One cannot but recognize and appreciate the efforts of the Lagos state government in rice production at Itoikin, Igbogun around Lekki Local Council Development Area couple with the presence of the multi-million naira rice mill at Imota. However, outputs from these places are grossly inadequate in meeting local demands.

The Lagos-Kebbi rice partnership, in line with national call for economic diversity, is intended to bring about national food sufficiency, security as well as creation of employment and wealth distribution for the benefits of both states and the nation as a whole. It is a partnership that thrives on making pragmatic use of available resources of both states for the common good of citizenry. Kebbi, for instance, is endowed with vast arable land suitable for agricultural production in rice, wheat, maize, sorghum, groundnut etc while Lagos, on the other hand, has capacity to process whatever is produced at the rice mill located at Imota, in Ikorodu for both local consumption and export.

Lagos’ huge population provides a huge market for rice production. According to the state Governor, Mr. Akinwunmi Ambode, Lagos has the required market and the purchasing power to stimulate rice production in the country. Outside the food security and economic benefits of Lagos, Kebbi agricultural partnership, other benefits may include introduction of best agriculture practice to maximize yield, infrastructural renewal of agricultural settlements, improved transportation systems such as railway networks which has the capacity to move produce en-mass without undue interference. In expectation of mass production, interest of the states will be developed in capacity to preserve thus avoid waste.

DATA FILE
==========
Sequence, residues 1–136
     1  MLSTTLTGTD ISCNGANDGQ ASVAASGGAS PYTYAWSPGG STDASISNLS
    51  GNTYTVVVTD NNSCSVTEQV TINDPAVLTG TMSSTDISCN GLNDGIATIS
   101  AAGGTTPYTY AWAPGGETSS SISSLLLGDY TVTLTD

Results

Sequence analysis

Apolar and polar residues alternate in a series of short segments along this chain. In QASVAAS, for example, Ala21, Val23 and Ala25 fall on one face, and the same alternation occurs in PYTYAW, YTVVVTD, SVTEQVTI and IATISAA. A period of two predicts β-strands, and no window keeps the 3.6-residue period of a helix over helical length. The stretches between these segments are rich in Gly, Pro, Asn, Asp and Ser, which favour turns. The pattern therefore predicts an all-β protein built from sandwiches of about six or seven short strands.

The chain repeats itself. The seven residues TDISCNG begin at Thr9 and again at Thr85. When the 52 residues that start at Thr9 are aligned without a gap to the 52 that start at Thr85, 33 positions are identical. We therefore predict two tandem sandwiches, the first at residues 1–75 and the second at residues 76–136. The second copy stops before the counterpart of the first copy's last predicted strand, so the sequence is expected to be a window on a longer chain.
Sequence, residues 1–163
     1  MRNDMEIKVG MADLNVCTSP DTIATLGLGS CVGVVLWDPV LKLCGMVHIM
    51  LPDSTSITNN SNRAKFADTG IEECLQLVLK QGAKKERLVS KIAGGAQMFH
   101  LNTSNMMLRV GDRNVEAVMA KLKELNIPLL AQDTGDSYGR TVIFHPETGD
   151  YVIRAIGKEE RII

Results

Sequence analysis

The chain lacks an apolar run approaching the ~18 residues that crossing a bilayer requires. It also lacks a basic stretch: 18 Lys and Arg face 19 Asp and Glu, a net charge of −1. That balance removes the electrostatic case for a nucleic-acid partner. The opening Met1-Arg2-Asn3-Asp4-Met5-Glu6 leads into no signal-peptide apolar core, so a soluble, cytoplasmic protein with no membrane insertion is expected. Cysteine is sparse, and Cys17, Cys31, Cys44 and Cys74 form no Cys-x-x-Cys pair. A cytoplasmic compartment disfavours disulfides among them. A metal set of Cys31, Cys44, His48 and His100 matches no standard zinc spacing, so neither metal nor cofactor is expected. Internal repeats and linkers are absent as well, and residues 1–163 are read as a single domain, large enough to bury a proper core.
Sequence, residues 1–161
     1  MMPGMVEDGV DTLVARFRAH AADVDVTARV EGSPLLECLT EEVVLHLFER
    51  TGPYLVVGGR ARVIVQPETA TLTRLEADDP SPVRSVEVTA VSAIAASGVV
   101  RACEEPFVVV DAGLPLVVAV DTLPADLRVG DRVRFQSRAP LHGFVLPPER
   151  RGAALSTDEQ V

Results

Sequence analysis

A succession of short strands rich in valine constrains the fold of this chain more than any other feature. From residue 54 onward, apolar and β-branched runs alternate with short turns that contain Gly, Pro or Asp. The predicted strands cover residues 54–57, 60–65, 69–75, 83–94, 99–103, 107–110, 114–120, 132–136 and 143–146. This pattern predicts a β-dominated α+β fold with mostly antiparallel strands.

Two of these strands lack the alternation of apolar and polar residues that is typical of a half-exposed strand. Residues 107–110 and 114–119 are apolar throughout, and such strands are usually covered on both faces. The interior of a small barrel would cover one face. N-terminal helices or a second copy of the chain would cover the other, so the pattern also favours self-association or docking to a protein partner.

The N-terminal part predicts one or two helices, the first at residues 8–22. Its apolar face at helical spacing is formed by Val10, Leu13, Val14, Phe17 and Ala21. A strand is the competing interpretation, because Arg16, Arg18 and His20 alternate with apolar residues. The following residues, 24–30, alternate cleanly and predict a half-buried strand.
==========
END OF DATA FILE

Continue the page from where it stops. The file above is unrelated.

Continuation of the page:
Other benefits of the Lagos- Kebbi rice partnership are its capacity to renew investors’ interest in agro-based industries, boost for agric related cooperative societies, among others. The height of insecurity in the nation calls for more concerted effort by all tires of governments in the country to urgently device new methods of tackling the twain issues of food security and unemployment in the country. Youth unemployment, if not immediately addressed could be a time bomb for the country. It is, therefore, anticipated that more states in the country will follow the laudable Lagos-Kebbi path in order to promote food sufficiency and economic development in our nation.

As our nation is confronted with enormous economic challenges, the time to pay adequate attention to the agriculture sector is now as it offers unlimited opportunities for accelerated economic and industrial growth across the land. To continue to neglect such a vital sector will cast doubt on our seriousness as a people.